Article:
So what is Now? What does the universe actually look like? Every observer has a different take on the universe. When we see distant galaxies we see things as they were billions of years ago. Imagine seeing the universe in its entirety, now. A snap shot of every point as it is relative to that point, right... Now!

Anyway, I enjoy mind boggling paradoxes or thoughts.

Be careful not to confuse the Andromeda paradox with reality. It's a thought experiment. In reality, those two people on the street can not know what's happening in Andromeda right now. The paradox only exists because the premise of the thought experiment is they somehow "know" of events millions of light years away.

But it's certainly based on real physics. Everyone not at rest to another is in their own frame of reference, and if you start events and observers moving at high velocities relative to each other things can get very weird indeed.

Two distant observers can watch the same series of events, and disagree on what order they took place.  One observer can see A happen before B, and the other can see B happen before A. They are both right, which happened first depends on who is watching and where. So you can't ever say for sure about the order of distant events, it all depends on where you watched them happen from.  "Which happened first" is actually an invalid question, without adding "...from this reference frame."

This in fact, one reason FTL is considered impossible. Because if you could send a message FTL, then those two observers could communicate, and the one that saw B happen first could send a message to A and give them information from the future. Worse, it would allow one of those observers to travel into the past. Now you get to deal with the consequences of breaking casualty and opening up a whole can of paradoxes.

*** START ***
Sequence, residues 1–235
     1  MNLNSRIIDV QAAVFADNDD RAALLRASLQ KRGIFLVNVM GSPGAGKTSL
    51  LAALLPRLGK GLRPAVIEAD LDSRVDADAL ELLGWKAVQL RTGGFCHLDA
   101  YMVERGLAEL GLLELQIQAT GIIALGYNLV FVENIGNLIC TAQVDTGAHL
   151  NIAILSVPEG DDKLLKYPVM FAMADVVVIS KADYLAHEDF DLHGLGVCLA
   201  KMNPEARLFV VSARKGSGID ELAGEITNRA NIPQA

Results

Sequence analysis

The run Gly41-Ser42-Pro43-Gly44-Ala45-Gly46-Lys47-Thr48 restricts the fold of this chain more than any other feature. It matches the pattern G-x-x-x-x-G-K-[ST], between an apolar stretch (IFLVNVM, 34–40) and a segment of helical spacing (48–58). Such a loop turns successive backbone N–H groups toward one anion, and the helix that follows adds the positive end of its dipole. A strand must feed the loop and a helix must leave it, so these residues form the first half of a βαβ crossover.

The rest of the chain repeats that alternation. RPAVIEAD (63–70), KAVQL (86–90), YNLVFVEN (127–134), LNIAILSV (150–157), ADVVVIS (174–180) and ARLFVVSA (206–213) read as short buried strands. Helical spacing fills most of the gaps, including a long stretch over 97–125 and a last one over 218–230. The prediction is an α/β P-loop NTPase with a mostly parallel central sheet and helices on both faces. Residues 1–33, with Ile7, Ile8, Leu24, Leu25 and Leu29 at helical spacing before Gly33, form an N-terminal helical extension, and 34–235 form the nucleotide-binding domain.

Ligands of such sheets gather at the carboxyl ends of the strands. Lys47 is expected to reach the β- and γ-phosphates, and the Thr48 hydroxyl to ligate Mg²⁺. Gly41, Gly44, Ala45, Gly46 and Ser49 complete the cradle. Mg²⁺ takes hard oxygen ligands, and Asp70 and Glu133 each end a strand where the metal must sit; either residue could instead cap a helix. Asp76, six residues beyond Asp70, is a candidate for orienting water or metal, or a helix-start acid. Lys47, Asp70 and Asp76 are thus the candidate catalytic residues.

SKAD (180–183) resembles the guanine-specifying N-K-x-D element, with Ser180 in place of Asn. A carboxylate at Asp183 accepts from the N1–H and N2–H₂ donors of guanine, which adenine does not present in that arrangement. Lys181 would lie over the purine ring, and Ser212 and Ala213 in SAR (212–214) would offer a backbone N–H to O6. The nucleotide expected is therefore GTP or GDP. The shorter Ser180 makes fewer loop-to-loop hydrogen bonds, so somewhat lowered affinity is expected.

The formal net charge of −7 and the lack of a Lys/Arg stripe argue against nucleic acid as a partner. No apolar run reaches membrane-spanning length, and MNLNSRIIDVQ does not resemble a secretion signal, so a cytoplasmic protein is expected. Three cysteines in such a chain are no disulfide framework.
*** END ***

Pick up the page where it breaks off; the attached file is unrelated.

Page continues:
I highly recommend reading up on space-time diagrams to visualize this. Once you draw light-cones and draw it all out it starts to make a lot more sense what's going on.

Nowdays there are online tools that can help like this one: http://www.trell.org/div/minkowski.html

But start with reading up on relativity and how these diagrams work. Relativity is a seriously hard concept to internalize, but it's worth it.

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Pezevenk

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Re: What is Now?
« Reply #4 on: September 01, 2020, 12:28:48 PM »
There are 3 things that tend to really trip people up with relativity:

1) The lack of simultaneity. There is a concept of "simultaneity" in relativity but it is pretty artificial and has little to do with classical everyday notions of simultaneity. It is more helpful to just think of simultaneity as not existing. What is happening at Andromeda this instant? The correct answer is, this instant doesn't exist, there is no simultaneity. Simultaneity is mostly useful in a local context.
2) Confusing what you can see with what is happening, or the opposite. Light takes some time to reach you. People forget it and they get really confused about what is happening and what they are seeing.

Think the twin paradox. People sometimes get confused and think the moving observer will look at the observer on Earth and see them age faster. Actually as they are moving away from the Earth they will see them age slower. Then as they are moving towards the earth they will see them age much faster. Again, thinking about what age the twins are at any given time is kind of pointless since simultaneity is not a very useful concept, at least until they come back together again.

3) Relativizing acceleration inappropriately. All motion is not relative. All observers aren't equivalent. This is also true in classical mechanics. My favorite paradox in SR has to do with this, look up Bell's spaceship paradox.

There is a good book by philosopher of physics Tim Maudlin called Space and Time or something like that which explores the meaning of relativity.